For many people, urban is a bad word that implies crime, congestion, poverty, and crowding. For them, it represents an environment that moves people away from a healthy connection with nature and the land. Its stereotype is the American ghetto, a crime-ridden concrete jungle that simultaneously destroys land, community, and human potential. The reaction to this stereotype has been a middle-class retreat into the closeted world of single-family lots and gated subdivisions in the suburbs. As a result, much of the last half century’s planning has been directed toward depopulating cities, whether through the satellite towns of Europe or the suburbs of America.

But, for many others, the word urban represents economic opportunity, culture, vitality, innovation, and community. This positive reading is now manifest in the revitalized centers of many of our historic cities. In these core areas, the public domain—with its parks, walkable streets, commercial centers, arts, and institutions—is once again becoming rich and vibrant, valued and desirable. There is new life in many city centers and their public places, from cafés and plazas to urban parks and museums—ultimately drawing people back to the city.

In fact, since 2000, many of our major cities have increased their share of new home construction while their region’s suburbs have declined. For example, in 2008, Portland issued 38 percent of all the building permits within its region, compared to an average of 9 percent in the early 1990s; Denver accounted for 32 percent, up from 5 percent; and Sacramento accounted for 27 percent, up from 9 percent. There is an even stronger trend toward urban redevelopment in the largest metropolitan regions. New York City accounted for 63 percent of the building permits issued within its region. By comparison, the city averaged about 15 percent of regional building permits during the early 1990s. Similarly, Chicago now accounts for 45 percent of the building permits within its region, up from just 7 percent in the early 1990s.13 This represents a dramatic turnaround as cities regain their roles as centers of innovation, social mobility, artistic creativity, and economic opportunity.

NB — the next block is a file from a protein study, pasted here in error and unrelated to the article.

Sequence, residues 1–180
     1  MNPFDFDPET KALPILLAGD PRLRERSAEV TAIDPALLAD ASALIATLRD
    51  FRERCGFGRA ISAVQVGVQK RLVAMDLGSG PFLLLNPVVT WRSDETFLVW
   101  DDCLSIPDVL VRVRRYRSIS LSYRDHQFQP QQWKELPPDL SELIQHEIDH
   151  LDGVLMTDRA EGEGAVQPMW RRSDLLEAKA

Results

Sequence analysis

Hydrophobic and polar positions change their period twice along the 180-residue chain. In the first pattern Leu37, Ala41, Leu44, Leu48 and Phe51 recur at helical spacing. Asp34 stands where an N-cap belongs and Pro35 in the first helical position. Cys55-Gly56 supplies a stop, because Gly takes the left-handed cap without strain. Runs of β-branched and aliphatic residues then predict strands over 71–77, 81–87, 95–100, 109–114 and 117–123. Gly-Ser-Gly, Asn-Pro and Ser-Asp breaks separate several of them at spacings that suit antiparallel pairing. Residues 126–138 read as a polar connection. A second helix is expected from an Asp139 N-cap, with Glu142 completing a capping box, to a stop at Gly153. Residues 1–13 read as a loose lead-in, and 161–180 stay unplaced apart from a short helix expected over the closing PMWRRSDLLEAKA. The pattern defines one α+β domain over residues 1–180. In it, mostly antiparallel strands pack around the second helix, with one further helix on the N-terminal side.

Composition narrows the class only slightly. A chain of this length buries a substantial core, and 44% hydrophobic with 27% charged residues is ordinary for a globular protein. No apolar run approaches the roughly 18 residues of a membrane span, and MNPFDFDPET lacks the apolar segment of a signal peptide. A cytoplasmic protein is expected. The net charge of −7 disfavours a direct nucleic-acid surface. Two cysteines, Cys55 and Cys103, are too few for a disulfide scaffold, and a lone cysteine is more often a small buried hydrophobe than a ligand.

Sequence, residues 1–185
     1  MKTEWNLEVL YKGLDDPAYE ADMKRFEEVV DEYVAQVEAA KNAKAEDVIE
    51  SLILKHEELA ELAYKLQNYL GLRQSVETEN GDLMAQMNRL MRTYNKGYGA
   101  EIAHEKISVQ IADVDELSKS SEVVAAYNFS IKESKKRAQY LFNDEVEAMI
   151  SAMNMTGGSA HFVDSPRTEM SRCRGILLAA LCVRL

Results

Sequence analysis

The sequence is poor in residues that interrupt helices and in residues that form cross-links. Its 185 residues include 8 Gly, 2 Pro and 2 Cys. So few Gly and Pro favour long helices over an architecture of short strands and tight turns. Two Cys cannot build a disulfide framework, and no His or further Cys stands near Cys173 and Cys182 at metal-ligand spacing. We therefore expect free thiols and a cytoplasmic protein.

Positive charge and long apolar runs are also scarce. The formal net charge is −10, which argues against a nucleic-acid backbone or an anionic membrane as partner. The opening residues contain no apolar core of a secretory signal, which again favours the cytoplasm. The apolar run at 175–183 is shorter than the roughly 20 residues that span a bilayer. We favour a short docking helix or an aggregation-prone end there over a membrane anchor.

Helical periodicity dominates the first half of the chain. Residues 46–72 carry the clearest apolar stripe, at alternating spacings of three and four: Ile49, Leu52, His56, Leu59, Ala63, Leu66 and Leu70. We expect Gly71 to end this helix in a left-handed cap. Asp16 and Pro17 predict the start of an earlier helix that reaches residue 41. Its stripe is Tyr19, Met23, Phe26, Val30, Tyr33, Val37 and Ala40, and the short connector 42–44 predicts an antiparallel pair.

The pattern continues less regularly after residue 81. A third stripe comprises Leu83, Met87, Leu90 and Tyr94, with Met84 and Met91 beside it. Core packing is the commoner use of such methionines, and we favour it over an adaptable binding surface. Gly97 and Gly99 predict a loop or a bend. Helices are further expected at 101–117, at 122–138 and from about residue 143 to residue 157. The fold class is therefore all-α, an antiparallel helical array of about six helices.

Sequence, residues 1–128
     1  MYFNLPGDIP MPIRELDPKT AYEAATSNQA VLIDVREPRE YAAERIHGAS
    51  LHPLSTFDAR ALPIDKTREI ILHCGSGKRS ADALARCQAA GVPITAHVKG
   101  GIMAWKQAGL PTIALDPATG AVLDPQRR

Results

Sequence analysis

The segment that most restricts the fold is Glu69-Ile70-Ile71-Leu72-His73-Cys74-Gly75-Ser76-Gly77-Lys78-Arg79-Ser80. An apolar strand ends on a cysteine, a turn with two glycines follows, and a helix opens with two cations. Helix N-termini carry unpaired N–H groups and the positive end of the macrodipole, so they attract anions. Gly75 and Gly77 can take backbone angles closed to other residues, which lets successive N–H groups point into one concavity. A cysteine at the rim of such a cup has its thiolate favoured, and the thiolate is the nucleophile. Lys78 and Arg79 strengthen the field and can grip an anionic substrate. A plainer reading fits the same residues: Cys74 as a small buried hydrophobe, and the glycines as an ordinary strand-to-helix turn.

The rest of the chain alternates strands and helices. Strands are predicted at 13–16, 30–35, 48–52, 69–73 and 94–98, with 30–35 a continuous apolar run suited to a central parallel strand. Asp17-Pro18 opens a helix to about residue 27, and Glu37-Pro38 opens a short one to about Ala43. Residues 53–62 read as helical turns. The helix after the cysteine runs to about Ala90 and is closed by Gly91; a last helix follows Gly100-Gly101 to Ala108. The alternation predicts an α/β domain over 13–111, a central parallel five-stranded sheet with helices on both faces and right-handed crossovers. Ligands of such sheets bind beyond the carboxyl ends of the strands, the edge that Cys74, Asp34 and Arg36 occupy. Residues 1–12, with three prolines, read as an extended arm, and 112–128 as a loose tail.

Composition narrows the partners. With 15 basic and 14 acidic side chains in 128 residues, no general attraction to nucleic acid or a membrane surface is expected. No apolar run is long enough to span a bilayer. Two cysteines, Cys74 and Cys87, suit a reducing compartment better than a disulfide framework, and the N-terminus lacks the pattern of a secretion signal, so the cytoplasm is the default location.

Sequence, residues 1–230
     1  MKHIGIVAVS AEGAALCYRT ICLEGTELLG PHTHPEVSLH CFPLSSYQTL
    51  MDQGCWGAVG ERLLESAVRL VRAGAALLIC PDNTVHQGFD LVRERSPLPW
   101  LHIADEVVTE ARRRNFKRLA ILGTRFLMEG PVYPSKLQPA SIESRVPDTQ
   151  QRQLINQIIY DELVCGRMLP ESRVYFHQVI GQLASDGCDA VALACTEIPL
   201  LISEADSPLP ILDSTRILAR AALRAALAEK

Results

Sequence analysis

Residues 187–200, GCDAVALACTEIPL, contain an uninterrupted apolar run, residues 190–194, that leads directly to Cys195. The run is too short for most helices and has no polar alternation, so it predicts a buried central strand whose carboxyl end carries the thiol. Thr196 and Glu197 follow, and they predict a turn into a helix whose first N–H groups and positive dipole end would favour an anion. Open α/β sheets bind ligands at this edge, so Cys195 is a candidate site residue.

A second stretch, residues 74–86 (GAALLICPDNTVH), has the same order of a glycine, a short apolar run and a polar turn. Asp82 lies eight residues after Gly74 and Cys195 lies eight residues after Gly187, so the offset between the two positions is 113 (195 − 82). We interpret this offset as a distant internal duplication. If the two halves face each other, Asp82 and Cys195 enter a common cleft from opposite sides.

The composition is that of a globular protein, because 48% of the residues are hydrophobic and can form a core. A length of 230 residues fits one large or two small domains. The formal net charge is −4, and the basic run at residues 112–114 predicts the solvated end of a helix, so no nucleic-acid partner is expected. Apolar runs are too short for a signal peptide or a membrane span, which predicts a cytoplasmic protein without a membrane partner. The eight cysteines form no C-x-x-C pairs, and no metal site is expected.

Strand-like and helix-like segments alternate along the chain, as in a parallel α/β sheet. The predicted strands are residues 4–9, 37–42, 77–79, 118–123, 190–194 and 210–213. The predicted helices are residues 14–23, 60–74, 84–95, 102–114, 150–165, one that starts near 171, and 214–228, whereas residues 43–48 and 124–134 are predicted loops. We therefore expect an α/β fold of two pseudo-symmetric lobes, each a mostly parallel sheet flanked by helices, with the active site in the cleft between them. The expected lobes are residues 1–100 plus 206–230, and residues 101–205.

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Urbanism in the Age of Climate Change: Vision California

A future San Jose Diridon Station with high-speed rail. Image: CHSRA

A future San Jose Diridon Station with high-speed rail. Image: CHSRA

Editor’s note: This week and next, we’re presenting a 5-part series of excerpts from Peter Calthorpe’s book, “Urbanism in the Age of Climate Change.” This is installment number two. Thanks to Island Press, a few lucky Streetsblog readers will be selected to receive a free copy of the book. To enter the contest, fill out this form.